Before and after photographs of the collapse of Detroit. People from many perspectives have their own explanations (blame) for the collapse. It goes to show that a city can simply break. Cities don't just happen and don't just happen to continue.

Maybe our TSA will use random security searches instead of the current system that treats everyone as a potential terrorist.

MIT researchers claim they can make TCP/IP twice as fast via software.

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Sunday July 21, 2013

The trials and triumphs of having a daily writing schedule. Aargh, get to it.

Some books on writing fiction.

The government comes to your door and tells you to install their little black box on your equipment. And it is all legal.

Self-publishing a book is the new business card. I see the reasoning here and mostly agree with it.

Ubuntuforums was hacked with all users compromised. Is everyone ready for national electronic health records?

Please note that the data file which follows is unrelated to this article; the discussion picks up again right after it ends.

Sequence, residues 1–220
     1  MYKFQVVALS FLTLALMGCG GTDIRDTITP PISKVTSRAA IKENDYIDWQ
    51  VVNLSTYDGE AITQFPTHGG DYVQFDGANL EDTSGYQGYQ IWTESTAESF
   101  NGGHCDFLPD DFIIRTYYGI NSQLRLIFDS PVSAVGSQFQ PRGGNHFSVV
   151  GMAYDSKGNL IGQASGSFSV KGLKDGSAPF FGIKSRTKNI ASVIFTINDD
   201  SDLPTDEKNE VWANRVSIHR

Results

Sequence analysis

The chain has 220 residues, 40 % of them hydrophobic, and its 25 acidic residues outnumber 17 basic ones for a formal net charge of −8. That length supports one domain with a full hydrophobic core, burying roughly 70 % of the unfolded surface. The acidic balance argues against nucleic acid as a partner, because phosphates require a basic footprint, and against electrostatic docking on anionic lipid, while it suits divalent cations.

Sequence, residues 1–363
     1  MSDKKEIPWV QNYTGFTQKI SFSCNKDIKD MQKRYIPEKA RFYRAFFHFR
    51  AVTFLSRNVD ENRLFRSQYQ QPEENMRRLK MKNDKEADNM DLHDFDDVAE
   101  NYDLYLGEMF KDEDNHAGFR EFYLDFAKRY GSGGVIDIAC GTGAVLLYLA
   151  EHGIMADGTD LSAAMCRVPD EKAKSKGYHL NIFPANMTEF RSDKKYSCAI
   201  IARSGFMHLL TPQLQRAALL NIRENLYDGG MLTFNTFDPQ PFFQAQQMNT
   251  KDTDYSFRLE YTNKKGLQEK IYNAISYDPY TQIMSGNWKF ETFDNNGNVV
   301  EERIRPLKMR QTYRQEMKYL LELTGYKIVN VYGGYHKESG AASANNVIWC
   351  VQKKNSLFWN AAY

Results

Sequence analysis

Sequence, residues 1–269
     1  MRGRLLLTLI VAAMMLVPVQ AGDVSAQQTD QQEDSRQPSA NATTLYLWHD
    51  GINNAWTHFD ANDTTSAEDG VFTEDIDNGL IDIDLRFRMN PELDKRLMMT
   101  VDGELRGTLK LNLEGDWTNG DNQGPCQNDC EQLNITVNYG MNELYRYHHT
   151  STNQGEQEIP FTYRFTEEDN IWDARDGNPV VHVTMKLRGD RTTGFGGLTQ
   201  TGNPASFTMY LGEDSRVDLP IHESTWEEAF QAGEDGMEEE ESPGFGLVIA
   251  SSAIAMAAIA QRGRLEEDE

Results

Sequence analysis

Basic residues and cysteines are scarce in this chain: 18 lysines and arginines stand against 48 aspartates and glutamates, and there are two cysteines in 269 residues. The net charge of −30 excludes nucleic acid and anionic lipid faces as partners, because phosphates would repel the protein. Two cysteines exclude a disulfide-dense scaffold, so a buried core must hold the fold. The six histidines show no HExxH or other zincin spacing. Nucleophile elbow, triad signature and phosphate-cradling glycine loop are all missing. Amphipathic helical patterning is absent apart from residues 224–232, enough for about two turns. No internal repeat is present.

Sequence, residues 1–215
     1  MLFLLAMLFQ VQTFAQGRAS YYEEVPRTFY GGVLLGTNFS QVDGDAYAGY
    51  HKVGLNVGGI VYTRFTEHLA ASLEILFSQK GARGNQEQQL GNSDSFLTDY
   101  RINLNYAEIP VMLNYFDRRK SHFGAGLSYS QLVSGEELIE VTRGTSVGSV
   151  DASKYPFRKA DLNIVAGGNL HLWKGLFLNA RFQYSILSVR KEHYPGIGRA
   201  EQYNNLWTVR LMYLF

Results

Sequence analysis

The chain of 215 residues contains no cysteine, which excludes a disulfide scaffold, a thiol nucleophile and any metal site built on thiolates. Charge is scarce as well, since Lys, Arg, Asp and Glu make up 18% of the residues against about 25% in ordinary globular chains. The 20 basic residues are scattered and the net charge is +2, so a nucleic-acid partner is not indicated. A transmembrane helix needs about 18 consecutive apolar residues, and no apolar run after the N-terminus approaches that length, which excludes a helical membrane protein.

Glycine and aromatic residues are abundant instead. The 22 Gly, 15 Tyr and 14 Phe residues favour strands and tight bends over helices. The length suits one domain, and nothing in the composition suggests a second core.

A look at the economy that has grown around renting a room to a total stranger - airbnb.

The best tech skills to list on a resume. I guess there is something here - don't list skills in alphabetical order.

Here is a good thought, write less and say more. Or I could write more and say  more. Something to consider.

Thoughts on the value of being uncomfortable to writers. I think that the discomfort helps find ideas, but doesn't help with banging keys on the keyboard.

If you are a freelancer who travels, you must protect your travel computer and your data. That is your livelihood.

A writer, and all freelancers, must maintain their health. If you are sick, you don't work, you have no income. Here are some tips to working from home and eating in a healthy manner.

A method of editing a novel that uses five different drafts.

Ideas on writing in plain English. English is a pretty good language. There have been some pretty good books written in English over the years. Try just writing in simple English. It works.

Some thoughts on writing what you know and how to work that into writing about things you don't know.

There are many posts about this story out there: JK Rowling writes a book under a pseudonym, and critics loved the book by an unknown author. She found the experience of writing with no expectations quite satsifying.

Could you write a novel by hand with pencil and paper?

Getting things done and the two-column To Do list. The second column describes the reason behind the activity or task in the first.

Advice to beginning a Freelance work life.

Be a writer; be clever, but that takes a lot of work.